In a surprise move, Defense Secretary Robert Gates has recommended $78 billion in military spending cuts over the next five years. The proposal includes slashing the number of private contractors by almost a third, nixing an amphibious tank known as the Expeditionary Fighting Vehicle, increasing health insurance fees paid by retired veterans and delaying production of a new generation of airplanes known as the Joint Strike Fighter program. "This plan represents, in my view, the minimum level of defense spending that is necessary, given the complex and unpredictable array of security challenges the United States faces around the globe," Gates said. The plan also constitutes the biggest military spending cut in the post-9/11 era. Here's how the Web is reacting to the announcement:
- This Is a Good First Step "As a proportion of what is needed to bring the U.S. government's fiscal house into order, Gates' proposal is barely a drop in the bucket," writes Logan Penza at The Moderate Voice. "But it does breach one of the sacred walls that have historically dominated budget negotiations in Washington D.C.-- military spending. Gates' action represents a Republican (with full support of military leaders) volunteering to trim its own budget requests. Now if only we can get the recipients of entitlement programs like Medicare and Social Security to join the chorus, we might have a chance."
- I Don't Like the Sound of It, says House Armed Services Committee Chairman Buck McKeon (R-Calif): "We are fighting two wars, you have China, you have Iran: Is this the time to be making these types of cuts?" He told The Washington Post, "I will not stand idly by and watch the White House gut defense when Americans are deployed in harm's way."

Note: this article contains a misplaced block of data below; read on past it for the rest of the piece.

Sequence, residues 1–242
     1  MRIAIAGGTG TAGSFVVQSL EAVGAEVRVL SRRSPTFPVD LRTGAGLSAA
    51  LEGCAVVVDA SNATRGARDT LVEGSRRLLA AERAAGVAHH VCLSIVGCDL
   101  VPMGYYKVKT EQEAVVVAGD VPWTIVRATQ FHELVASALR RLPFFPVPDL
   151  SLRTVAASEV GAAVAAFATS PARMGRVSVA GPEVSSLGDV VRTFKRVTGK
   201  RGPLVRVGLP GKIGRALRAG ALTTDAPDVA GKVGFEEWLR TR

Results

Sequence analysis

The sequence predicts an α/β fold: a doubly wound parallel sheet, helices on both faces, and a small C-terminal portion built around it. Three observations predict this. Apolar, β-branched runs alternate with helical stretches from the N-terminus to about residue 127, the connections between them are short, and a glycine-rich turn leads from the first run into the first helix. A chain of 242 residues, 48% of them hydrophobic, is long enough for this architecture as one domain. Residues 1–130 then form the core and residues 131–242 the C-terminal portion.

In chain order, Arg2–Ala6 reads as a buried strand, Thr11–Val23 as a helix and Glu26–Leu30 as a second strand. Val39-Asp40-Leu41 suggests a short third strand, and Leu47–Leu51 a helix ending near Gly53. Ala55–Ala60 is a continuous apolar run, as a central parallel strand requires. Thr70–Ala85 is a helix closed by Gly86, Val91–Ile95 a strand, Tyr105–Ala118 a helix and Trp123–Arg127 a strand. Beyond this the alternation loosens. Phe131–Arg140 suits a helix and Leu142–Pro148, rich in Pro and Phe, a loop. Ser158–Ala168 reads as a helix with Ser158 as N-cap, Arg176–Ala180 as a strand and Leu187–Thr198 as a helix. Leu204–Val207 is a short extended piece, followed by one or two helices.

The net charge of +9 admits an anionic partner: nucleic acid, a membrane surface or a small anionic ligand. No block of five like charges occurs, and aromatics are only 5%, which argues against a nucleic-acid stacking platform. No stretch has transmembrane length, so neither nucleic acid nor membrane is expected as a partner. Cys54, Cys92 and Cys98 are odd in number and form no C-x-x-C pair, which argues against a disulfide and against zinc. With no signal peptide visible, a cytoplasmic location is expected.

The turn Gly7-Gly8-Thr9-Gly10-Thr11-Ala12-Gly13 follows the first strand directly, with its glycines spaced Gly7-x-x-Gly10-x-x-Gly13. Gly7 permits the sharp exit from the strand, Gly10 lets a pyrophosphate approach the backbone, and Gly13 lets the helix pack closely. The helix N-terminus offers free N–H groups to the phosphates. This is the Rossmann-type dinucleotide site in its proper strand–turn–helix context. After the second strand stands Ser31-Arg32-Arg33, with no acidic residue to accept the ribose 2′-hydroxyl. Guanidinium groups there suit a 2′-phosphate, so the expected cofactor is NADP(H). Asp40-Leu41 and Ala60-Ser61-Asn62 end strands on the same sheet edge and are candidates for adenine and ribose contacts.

- Let's Not Blow This Out of Proportion, instructs Derek Thompson at The Atlantic: "Gates is not proposing to shrink the Pentagon's budget; he's proposing to slow the growth of the Pentagon budget." In fact, the defense budget will grow "in absolute dollars" as the Army's size swells by 40,000 soldiers and the Marines add "7,000 to 12,000 more troops."
- The Marines Deserved Cutting "In recent years,
the corps has moved from Chevrolet to Cadillac, pushing ahead with
gold-plated plans to attack beaches with swimming tanks,
short-take-off-and-landing airplanes, and tilt-rotor aircraft," writes Mark Thompson
at Time. "Unfortunately, its budget can't keep up. That's why on
Thursday Defense Secretary Robert Gates killed its $16 billion Expeditionary Fighting Vehicle, and threatened to terminate its F-35B jump jet. Only its V-22 tilt-rotor
emerged from this latest round of saber-wielding by the defense chief
unbloodied." Here's a look at the branch's amphibious tank that Gates
wants to cut:
- Republicans Need to Embrace This, urges The Washington Examiner's conservative editorial board: "If the nondefense sector of the civilian bureaucracy can be cut (and it should be), Republicans can also take the ax to what Gates called the Pentagon's 40 percent bureaucratic overhead, as well as the multimillions of dollars in defense earmarks Congress appropriates despite Pentagon objections. Such cuts will rankle more than a few pork-barrel-addicted incumbents for now, but voters will reward the Republicans' courage if they dare to challenge the status quo."